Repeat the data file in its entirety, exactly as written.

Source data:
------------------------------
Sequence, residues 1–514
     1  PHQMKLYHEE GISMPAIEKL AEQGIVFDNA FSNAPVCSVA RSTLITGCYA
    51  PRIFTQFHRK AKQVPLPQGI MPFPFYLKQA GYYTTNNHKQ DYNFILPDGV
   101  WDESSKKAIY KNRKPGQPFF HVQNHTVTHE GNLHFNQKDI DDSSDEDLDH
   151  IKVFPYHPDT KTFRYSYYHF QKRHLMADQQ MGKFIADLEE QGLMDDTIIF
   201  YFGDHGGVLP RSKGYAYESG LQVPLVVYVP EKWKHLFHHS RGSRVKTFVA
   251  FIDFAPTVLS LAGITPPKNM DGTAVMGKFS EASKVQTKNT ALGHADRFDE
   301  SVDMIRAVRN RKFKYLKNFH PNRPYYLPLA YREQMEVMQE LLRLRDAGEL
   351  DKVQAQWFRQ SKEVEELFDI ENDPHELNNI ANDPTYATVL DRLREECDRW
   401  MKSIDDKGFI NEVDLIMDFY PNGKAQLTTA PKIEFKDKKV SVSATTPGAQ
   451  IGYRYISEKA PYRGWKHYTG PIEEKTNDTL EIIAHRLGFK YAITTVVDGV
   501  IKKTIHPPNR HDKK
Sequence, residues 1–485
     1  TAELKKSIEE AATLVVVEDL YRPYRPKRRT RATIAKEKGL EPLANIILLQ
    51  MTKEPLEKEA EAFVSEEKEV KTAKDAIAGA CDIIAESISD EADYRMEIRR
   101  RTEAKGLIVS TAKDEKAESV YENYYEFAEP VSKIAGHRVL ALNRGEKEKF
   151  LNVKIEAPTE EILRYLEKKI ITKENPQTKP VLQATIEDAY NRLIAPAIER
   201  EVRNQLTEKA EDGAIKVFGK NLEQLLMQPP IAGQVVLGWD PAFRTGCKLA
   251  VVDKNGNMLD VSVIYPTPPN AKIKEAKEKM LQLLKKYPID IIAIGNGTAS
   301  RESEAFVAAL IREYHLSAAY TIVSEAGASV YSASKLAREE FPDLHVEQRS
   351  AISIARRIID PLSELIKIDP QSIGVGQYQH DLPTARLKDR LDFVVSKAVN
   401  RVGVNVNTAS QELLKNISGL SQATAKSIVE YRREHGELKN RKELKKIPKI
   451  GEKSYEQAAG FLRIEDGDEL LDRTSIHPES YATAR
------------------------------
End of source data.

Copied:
Sequence, residues 1–514
     1  PHQMKLYHEE GISMPAIEKL AEQGIVFDNA FSNAPVCSVA RSTLITGCYA
    51  PRIFTQFHRK AKQVPLPQGI MPFPFYLKQA GYYTTNNHKQ DYNFILPDGV
   101  WDESSKKAIY KNRKPGQPFF HVQNHTVTHE GNLHFNQKDI DDSSDEDLDH
   151  IKVFPYHPDT KTFRYSYYHF QKRHLMADQQ MGKFIADLEE QGLMDDTIIF
   201  YFGDHGGVLP RSKGYAYESG LQVPLVVYVP EKWKHLFHHS RGSRVKTFVA
   251  FIDFAPTVLS LAGITPPKNM DGTAVMGKFS EASKVQTKNT ALGHADRFDE
   301  SVDMIRAVRN RKFKYLKNFH PNRPYYLPLA YREQMEVMQE LLRLRDAGEL
   351  DKVQAQWFRQ SKEVEELFDI ENDPHELNNI ANDPTYATVL DRLREECDRW
   401  MKSIDDKGFI NEVDLIMDFY PNGKAQLTTA PKIEFKDKKV SVSATTPGAQ
   451  IGYRYISEKA PYRGWKHYTG PIEEKTNDTL EIIAHRLGFK YAITTVVDGV
   501  IKKTIHPPNR HDKK
Sequence, residues 1–485
     1  TAELKKSIEE AATLVVVEDL YRPYRPKRRT RATIAKEKGL EPLANIILLQ
    51  MTKEPLEKEA EAFVSEEKEV KTAKDAIAGA CDIIAESISD EADYRMEIRR
   101  RTEAKGLIVS TAKDEKAESV YENYYEFAEP VSKIAGHRVL ALNRGEKEKF
   151  LNVKIEAPTE EILRYLEKKI ITKENPQTKP VLQATIEDAY NRLIAPAIER
   201  EVRNQLTEKA EDGAIKVFGK NLEQLLMQPP IAGQVVLGWD PAFRTGCKLA
   251  VVDKNGNMLD VSVIYPTPPN AKIKEAKEKM LQLLKKYPID IIAIGNGTAS
   301  RESEAFVAAL IREYHLSAAY TIVSEAGASV YSASKLAREE FPDLHVEQRS
   351  AISIARRIID PLSELIKIDP QSIGVGQYQH DLPTARLKDR LDFVVSKAVN
   401  RVGVNVNTAS QELLKNISGL SQATAKSIVE YRREHGELKN RKELKKIPKI
   451  GEKSYEQAAG FLRIEDGDEL LDRTSIHPES YATAR